In 2017, 47,173 Americans killed themselves. That’s more individuals than those who have died in automobile accidents (37,133) and nearly three times the number of people who were murdered (17,284). Suicides rates are on the rise. They increased by 33 percent between 1999 and 2016.
My colleague David McCord, a clinical psychologist, recently became interested in suicide when he heard a talk by suicide researcher Thomas Joiner. Joiner believes that suicides are usually the result of the confluence of two psychological processes. The first he calls perceived burdensomeness. It is the belief that you have become a burden to others. The other is thwarted belongingness, Joiner’s term for social isolation.
After reading one of Joiner’s articles, David began to wonder if having pets might help prevent suicides. I had never considered this idea, but it makes perfect sense. Some studies have found that pets provide social support for their owners and stave off feelings of loneliness. As David wrote to me in an e-mail:
The concept of "thwarted belongingness" refers to feelings of not belonging, not being connected to others, being alone, and also a lack of reciprocal caring and helping (no one turns to me for help when needed, and I have no one to turn to when I need help). I think of the deep, high-priority connections that so many people have with their dog (or cat). I know there is much research about emotional support associated with companion animals and therapy animals. It seems to me that for many, many people I know, their relationship with their pet directly addresses the "belongingness" need that Joiner places centrally in his theory.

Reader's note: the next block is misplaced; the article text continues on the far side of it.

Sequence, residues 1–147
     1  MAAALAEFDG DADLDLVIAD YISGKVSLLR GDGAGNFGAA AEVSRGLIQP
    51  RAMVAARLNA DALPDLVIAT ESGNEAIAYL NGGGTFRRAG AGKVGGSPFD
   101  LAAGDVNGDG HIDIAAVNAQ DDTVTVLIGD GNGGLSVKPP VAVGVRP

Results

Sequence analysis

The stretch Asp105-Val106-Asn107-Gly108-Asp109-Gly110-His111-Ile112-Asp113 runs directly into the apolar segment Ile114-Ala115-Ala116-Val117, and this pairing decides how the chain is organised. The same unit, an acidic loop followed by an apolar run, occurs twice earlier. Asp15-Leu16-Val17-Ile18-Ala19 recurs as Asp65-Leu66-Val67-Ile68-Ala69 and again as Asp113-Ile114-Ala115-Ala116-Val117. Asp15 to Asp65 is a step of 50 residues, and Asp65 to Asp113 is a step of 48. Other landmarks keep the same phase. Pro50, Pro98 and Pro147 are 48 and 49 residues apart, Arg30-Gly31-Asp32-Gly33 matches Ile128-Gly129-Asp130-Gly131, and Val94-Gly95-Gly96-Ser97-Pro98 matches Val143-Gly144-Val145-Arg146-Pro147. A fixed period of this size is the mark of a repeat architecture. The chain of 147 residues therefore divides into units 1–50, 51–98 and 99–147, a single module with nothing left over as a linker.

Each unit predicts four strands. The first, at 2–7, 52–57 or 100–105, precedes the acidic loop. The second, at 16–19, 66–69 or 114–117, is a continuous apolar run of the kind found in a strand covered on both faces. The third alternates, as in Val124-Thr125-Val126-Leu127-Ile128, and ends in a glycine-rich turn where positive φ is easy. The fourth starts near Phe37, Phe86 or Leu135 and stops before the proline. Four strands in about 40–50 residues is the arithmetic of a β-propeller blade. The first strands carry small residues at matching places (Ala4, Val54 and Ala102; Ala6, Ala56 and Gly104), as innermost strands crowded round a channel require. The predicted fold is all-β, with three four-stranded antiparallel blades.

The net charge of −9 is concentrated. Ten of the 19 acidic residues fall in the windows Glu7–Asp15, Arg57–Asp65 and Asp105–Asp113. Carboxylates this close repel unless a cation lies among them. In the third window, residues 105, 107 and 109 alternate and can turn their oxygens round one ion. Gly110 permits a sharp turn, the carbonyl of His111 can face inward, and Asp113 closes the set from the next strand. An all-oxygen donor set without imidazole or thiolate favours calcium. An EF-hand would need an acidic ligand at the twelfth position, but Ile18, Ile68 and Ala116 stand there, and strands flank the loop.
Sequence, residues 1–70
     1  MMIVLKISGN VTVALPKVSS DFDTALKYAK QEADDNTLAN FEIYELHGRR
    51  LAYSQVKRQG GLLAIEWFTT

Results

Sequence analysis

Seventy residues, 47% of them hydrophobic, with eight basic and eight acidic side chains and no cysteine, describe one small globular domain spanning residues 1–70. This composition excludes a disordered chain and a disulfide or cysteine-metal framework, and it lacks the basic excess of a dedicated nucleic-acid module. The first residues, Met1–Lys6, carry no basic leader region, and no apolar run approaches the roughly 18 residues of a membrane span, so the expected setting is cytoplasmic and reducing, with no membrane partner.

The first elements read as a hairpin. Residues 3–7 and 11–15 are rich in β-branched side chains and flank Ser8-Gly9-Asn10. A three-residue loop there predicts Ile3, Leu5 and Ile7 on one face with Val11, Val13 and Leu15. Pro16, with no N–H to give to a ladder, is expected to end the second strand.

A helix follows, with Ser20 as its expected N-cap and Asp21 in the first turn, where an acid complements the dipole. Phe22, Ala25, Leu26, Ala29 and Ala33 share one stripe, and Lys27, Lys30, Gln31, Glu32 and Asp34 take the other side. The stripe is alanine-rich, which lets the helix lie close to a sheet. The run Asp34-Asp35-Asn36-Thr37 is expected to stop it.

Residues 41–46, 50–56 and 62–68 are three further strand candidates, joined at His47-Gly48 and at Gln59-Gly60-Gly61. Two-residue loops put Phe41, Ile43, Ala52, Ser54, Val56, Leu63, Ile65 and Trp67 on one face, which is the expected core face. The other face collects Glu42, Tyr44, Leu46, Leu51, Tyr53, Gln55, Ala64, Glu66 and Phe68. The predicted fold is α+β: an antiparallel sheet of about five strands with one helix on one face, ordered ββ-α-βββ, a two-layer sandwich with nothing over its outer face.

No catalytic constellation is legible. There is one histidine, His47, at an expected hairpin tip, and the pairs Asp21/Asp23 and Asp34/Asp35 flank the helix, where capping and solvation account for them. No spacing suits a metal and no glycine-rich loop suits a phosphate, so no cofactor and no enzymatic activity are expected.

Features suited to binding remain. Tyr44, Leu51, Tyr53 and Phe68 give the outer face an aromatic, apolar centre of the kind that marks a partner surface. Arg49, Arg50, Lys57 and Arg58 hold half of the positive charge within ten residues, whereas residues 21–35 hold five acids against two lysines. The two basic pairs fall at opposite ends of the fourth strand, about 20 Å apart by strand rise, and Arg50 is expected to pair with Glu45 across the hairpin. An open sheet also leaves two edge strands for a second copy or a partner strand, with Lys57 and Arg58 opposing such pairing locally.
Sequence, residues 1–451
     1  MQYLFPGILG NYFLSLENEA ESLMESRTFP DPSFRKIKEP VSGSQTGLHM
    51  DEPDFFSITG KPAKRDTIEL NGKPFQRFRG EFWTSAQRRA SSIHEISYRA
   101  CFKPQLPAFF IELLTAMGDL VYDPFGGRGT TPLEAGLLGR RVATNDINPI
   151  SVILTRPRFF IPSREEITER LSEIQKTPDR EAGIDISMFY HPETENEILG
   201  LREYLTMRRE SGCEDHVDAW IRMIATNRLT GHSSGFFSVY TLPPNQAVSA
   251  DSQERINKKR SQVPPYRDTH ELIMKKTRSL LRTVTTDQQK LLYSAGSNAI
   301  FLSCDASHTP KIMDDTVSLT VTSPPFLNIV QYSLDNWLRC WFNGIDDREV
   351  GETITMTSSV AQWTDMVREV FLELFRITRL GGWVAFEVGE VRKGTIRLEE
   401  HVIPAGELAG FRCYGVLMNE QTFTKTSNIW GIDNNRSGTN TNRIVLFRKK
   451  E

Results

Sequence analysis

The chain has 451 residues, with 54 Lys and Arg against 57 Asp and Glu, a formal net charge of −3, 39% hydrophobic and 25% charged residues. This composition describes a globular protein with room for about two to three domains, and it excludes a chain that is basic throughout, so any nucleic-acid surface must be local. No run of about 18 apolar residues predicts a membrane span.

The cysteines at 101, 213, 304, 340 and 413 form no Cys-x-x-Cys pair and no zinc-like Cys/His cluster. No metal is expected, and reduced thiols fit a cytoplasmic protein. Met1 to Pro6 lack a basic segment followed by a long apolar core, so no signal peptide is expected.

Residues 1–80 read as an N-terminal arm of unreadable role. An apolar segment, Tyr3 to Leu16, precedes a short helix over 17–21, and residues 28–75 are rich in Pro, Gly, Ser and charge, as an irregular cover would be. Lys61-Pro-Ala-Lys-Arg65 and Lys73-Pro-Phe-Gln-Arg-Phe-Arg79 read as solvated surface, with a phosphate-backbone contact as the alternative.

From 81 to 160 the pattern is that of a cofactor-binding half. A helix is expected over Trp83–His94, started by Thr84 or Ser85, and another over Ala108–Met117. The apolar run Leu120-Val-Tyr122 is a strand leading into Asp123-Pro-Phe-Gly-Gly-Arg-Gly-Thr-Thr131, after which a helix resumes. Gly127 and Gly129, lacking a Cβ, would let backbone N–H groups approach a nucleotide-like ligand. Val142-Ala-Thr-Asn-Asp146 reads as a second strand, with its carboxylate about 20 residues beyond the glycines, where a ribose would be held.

He asked me: "Have you come across any high-quality, credible, good research on pet-keeping and suicidal behavior?"
David is right about the degree that people connect with their pets and he has raised a great question. For example, it is often claimed that pets (particularly, dogs) provide their owners with "unconditional love." If this is the case, pet owners should be less likely to suffer from thwarted belongingness and hence have lower suicide rates.
Intrigued, I looked for published studies on the relationship between pet ownership and suicide rates. When I could not come up with much, I posted McCord’s question about empirical studies on the impact of pets on suicide to a Facebook anthrozoology group. The responses were fascinating. For example, several people correctly pointed out that there is an epidemic of suicide among veterinarians even though nearly all veterinarians have pets. A mental health nurse responded that in her profession, pets are considered protective factors against suicide. Another person suggested that grief caused by the death of a beloved pet might tip some people over the edge.
The Research on Pets and Suicide
After a lot of digging, I located three published studies that addressed the issue of whether pets help prevent suicide. Two of the papers were written by researchers from Johns Hopkins University. They were both based on data collected as part of a series of health censuses conducted in rural Washington County, Maryland, in the 1960s and 1970s.